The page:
I guess the best thing an actor can do to help to break the rules of gender roles is to play characters that are different...
You know, Edward, as a brother you are sometimes a dissappointment

Oh, never mind! my less noble side exulted

Then the jokes about the world's only clumsy vampire would start

'Bout time someone scored around here
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Re: The Portrayal of Women in the Media

Postby Chernaudi » Fri Dec 17, 2010 11:10 pm

As I've said before, it's all about media spin and what not. It's as Cher said once, you can tell the truth all you want, but some people won't believe it because either they're set in their ways or chose to ignore it/can't handle it.

That's the power of the media, and it's a double edged sword. I think that we need more women and celebs like Kristen--people who speak their minds but know to keep certian things to themselves. On one end, she's admired for taking control over her life and what not, but on the other, she's criticized and subject to name-calling and ridicule for the same reasons.

It's there that we must ask ourselves what we want, and whether or not society at large is right or wrong.
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Re: The Portrayal of Women in the Media

Postby Esme echo » Sat Dec 18, 2010 7:12 pm

Well, pyrosis, we approach this issue with two very different perspectives. My perspective is that our lives did not begin when we were born, and will not end when we die; that gender is something we brought with us to this existence, it is not something defined by the culture we happen to be born in; and right and wrong are always right and wrong, regardless of the century one is born in, the current cultural thought, or philosophy dreamed up by men (or women).

Some people think that because they are highly "educated" their opinions should be regarded with respect. I do not accept that standard of wisdom; morality and integrity mean a lot more to me than a person's ideas of how valuable social mores appear to them and what they think is most important in relationships, etc. Experience has shown me that the "world" doesn't know a single thing about what leads to true peace and happiness in our lives--which is, after all, what we all seek.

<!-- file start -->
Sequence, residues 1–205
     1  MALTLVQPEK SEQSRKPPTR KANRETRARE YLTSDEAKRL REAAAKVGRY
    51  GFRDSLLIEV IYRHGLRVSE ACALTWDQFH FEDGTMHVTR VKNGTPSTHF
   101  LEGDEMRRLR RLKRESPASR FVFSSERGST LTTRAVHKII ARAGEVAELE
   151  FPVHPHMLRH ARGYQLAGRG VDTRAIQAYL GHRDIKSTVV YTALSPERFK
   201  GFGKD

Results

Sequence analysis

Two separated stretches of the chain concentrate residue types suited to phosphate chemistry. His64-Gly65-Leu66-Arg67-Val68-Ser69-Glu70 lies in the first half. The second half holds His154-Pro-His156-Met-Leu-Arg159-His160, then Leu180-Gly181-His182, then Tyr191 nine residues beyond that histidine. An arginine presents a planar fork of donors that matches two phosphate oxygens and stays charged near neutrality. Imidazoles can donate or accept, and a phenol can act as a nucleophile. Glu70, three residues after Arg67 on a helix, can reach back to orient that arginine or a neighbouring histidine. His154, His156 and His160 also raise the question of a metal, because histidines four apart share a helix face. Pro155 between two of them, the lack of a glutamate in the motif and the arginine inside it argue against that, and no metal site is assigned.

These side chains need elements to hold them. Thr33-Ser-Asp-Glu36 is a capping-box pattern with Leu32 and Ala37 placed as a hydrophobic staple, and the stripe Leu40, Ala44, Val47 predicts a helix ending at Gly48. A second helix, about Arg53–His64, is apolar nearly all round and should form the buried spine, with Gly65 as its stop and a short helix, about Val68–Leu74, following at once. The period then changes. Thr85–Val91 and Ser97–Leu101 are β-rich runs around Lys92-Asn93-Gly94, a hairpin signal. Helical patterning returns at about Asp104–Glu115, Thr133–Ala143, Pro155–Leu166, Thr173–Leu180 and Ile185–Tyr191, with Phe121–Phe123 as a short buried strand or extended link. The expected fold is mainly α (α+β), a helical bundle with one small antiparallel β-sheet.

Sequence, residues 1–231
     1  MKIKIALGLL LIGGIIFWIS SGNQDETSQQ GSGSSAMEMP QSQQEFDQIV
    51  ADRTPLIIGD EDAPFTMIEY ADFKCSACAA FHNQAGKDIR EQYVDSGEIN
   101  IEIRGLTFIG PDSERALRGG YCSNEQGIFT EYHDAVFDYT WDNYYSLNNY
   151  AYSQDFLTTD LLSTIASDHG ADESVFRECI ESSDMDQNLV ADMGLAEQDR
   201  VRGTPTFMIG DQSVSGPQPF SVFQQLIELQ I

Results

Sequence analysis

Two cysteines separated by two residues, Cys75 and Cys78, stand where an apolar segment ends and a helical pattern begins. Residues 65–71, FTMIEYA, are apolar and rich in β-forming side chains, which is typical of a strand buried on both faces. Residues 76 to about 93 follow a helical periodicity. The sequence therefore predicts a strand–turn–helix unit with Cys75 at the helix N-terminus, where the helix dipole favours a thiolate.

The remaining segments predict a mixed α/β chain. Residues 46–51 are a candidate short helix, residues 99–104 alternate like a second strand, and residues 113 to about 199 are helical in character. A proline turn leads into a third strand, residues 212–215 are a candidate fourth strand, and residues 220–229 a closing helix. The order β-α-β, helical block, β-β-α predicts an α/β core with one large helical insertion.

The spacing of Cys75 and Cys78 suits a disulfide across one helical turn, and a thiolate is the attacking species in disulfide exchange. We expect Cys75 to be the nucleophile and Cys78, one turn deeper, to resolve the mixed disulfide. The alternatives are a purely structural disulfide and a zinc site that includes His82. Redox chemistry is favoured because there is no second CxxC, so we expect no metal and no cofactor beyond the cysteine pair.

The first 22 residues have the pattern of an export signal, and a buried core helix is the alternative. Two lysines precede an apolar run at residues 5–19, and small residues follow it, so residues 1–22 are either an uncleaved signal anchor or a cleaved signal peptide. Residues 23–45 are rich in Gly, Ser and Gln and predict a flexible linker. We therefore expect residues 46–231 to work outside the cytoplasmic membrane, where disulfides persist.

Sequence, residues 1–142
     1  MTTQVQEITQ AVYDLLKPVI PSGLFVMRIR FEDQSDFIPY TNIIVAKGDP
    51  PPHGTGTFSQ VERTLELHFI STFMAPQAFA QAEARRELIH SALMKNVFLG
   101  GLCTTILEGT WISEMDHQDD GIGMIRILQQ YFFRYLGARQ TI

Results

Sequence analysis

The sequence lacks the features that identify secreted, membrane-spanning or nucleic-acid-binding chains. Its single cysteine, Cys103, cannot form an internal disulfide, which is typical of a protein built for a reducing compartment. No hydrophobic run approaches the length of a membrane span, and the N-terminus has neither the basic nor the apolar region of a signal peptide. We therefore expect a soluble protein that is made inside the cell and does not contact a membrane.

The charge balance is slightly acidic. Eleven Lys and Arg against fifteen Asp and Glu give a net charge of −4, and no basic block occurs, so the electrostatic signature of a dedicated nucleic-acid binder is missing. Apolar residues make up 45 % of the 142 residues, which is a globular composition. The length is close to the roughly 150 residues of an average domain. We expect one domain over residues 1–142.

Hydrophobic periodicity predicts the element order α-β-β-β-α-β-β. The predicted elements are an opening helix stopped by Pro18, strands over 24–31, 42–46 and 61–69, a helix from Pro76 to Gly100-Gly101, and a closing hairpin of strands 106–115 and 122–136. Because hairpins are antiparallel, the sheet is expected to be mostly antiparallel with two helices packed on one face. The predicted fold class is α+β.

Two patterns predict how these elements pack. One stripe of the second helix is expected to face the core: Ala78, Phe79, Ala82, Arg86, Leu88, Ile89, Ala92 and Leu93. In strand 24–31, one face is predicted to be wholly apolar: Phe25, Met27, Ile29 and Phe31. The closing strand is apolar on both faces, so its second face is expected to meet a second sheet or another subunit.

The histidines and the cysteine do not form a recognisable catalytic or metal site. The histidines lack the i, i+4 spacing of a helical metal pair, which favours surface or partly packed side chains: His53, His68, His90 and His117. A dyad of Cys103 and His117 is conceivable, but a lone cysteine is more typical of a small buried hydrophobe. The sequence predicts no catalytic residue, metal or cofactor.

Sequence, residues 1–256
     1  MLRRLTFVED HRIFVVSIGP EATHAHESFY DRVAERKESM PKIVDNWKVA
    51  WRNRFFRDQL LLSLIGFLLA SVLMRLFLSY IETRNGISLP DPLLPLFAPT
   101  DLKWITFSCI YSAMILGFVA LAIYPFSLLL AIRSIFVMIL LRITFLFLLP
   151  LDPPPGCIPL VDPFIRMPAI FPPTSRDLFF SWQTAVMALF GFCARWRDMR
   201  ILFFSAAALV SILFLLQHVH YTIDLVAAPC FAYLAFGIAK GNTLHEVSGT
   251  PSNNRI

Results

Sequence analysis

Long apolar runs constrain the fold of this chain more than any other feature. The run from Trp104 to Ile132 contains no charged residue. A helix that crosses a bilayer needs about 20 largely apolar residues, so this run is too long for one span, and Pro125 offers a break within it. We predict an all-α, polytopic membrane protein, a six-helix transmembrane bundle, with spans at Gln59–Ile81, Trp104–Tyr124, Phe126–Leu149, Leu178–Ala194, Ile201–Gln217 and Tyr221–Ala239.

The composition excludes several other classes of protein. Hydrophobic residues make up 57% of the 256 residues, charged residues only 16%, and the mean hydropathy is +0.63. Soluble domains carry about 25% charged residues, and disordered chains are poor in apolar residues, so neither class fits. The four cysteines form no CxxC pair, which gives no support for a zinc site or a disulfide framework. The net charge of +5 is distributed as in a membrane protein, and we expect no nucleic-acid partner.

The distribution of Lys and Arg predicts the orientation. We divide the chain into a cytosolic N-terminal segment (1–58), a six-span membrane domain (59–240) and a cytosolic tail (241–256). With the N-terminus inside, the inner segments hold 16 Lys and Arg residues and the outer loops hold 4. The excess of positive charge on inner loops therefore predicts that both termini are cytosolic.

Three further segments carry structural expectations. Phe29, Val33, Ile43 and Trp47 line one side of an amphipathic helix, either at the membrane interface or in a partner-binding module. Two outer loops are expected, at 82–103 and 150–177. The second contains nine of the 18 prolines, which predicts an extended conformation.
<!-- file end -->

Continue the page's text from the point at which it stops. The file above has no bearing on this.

A simple example: I read some time ago that science has discovered when people do good things, "their minds light up in quiet joy." In other words, physically, there is a beneficial effect when one does good things. DUH. How interesting that this concept, which has existed for millennia, can now be accepted by some people only because science now "confirms" it.

Pushing the envelope on decency is what media is all about, unfortunately. It USED to be about informing the public on issues. Now, we have to know the source, know the author's political leanings, read articles from several different sides of an issure, and then do our best to make an educated guess. It's sad we can't just depend on getting a true, unbiased opinion.

What does all this have to do with how women are portrayed in the media? Nothing is important to media except selling their product, whether that product is a service, idea, or merchandise. Women and social reform are not important, unless that is what the media is selling. The bottom line is, MEDIA DOES NOT CARE--they exist to sell.

The only thing that will change how women are portrayed in the media is if that portrayal is hurting their sales. But, as long as there are people (a majority, in fact, to our shame) who accept obsene, suggestive portrayals of women in the media, they will continue to be portrayed that way; and continue to spiral downward, till people reject the message. I don't think the time--when people in general reject objectivation of women--will happen any time soon. Never, if some people have their way. Take a look at how big the pornography industry is in the United States. It is HUGE. Way bigger than any other industry.